You can do what I do and feed one type of feed to everyone all the time. This would need to be a non-medicated starter or grower with the ingredients you want for your flock.WIth this method you need an separate calcium source for your layers. I personally seek out an organic, non GMO, soy free feed with a fish meal protein source. I do feel strongly about my choice here but recognize that I do pay a lot and that these ingredients are not necessary for my birds survival. There are lots of other choices in non-medicated growers and starters that are cheaper with soy protein bases.

Another simple route would be a non-medicated starter until all of your birds start laying then if you have all laying hens only can you switch to a layer.

If you prefer a medicated starter then you might want to go medicated starter for 8 weeks or so then switch to a grower and choose as the birds start laying if you want to switch to a layer or not.

Some people do a layer for their adult hens during the high laying season and then switch to a grower with less calcium during molting and winter when production is low.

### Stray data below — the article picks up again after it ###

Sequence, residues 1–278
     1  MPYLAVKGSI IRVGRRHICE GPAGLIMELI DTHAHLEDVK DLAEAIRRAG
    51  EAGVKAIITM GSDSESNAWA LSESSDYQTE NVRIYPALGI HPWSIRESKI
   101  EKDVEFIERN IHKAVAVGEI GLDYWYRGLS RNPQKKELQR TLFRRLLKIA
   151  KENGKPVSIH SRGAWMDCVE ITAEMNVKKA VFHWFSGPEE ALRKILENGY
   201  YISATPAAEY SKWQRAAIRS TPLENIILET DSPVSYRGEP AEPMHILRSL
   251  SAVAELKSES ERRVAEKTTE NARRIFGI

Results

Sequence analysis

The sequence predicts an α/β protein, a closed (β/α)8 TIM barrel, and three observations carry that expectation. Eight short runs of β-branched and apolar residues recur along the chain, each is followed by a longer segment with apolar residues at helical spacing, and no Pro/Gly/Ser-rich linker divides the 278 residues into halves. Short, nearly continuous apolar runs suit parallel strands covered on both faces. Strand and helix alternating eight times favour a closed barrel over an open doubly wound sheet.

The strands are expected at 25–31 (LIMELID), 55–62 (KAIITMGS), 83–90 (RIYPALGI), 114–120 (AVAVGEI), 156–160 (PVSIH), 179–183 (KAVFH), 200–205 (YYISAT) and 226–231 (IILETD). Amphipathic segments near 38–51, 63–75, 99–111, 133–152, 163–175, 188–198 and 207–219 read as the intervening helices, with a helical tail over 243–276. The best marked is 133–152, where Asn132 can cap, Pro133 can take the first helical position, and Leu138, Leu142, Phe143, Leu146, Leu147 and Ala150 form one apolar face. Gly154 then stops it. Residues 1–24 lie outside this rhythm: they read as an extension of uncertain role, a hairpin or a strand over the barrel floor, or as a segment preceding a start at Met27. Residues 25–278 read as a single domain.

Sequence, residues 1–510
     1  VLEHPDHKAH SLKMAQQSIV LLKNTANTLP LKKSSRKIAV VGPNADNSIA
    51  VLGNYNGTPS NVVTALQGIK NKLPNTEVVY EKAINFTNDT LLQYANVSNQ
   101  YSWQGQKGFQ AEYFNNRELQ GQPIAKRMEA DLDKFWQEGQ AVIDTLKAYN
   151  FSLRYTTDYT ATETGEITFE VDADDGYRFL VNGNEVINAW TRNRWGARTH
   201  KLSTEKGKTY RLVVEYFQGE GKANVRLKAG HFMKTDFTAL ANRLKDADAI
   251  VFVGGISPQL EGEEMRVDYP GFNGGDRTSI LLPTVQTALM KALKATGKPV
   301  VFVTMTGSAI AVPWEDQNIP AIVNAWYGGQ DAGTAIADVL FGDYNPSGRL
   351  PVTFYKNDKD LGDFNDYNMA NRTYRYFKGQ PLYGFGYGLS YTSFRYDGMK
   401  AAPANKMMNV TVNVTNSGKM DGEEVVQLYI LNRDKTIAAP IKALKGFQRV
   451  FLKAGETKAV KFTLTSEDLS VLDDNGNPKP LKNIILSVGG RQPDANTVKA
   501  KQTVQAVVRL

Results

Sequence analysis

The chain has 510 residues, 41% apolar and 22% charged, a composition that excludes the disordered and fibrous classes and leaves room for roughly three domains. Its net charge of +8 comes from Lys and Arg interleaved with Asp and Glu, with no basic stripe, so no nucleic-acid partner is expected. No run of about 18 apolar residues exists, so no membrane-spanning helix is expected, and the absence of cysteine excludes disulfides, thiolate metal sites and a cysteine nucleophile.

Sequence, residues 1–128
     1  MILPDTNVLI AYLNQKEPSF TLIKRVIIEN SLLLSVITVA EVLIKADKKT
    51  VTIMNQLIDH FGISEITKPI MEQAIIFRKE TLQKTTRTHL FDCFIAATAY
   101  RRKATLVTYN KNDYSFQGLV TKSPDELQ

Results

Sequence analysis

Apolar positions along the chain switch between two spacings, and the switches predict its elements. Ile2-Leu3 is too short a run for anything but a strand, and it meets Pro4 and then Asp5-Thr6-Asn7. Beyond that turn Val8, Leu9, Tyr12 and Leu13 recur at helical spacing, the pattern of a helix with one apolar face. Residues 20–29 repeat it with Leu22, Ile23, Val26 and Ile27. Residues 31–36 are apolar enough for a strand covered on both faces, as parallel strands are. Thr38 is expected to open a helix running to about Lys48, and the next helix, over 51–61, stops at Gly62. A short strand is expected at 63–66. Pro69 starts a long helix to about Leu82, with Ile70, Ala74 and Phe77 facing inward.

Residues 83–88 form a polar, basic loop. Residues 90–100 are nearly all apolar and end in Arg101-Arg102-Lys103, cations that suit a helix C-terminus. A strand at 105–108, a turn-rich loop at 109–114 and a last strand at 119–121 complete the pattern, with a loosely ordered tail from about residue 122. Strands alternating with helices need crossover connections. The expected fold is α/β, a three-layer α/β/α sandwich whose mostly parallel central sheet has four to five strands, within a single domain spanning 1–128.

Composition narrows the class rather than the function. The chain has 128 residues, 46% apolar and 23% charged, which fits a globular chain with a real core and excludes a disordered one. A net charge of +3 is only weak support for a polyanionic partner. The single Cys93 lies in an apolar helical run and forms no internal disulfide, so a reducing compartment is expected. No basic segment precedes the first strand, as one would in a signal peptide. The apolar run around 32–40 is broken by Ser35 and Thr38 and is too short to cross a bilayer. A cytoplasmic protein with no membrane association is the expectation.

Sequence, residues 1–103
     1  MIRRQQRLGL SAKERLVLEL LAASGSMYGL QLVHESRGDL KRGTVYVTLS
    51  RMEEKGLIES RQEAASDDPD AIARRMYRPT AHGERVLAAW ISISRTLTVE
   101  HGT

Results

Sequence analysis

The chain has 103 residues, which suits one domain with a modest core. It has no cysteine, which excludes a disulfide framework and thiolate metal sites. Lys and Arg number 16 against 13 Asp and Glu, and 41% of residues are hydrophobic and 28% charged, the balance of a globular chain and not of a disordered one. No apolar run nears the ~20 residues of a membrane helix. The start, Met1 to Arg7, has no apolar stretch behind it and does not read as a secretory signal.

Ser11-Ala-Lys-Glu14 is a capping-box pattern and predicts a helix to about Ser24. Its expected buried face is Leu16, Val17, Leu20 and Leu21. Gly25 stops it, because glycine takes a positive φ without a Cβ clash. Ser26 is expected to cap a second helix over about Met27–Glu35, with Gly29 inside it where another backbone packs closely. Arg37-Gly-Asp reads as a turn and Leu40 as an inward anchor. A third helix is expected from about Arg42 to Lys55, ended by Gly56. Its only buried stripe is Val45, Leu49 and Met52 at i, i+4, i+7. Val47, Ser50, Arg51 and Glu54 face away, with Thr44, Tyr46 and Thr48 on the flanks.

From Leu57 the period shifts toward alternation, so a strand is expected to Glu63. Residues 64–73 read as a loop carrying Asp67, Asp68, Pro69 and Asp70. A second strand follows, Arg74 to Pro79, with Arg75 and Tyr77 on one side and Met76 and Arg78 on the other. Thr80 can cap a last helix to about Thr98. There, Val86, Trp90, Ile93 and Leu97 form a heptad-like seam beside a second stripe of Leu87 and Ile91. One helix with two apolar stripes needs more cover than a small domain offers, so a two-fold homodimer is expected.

I would read the labels at your feed stores. It helps to see that they aren't super different from one another. What sort of system works best for you and your routine? How much and what kind of protein do you want? Are the birds getting the right amount of calcium? I think those are the key questions.

The feed store has tons of stuff in it so it helps to know a few terms:

Scratch is grains, usually mostly corn, that you just toss out into the yard as a snack. It is not feed and you don't want to give too much because the birds will eat this instead of healthier choices.

Grit is little rocks. Chickens eat these and they collect in their gizzard and serve as "chicken teeth" to grind up food. If your chickens free range or have a large run they will find their own rocks in the dirt. If they are confined in a smaller space, like mine, you will want to provide.

I hope this helps and is not just more confusing....
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Hi countrygirl74, Thank you so much! This has had me a little worried about my younger chicks. But they do get a good bit of scraps each day. We are addicted to giving them their goodies! lol
I will have plenty of vegies and fruit as the garden and trees get ready! But they are growing by leaps and bound now! We do have lots of bugs around for them to eat.
I cannot free range them as we have to many predators here in our neck of the country. This morning I had nearly 50 buzzards trying to figure out how to get my birds already! But my dogs keep most everything else at bay.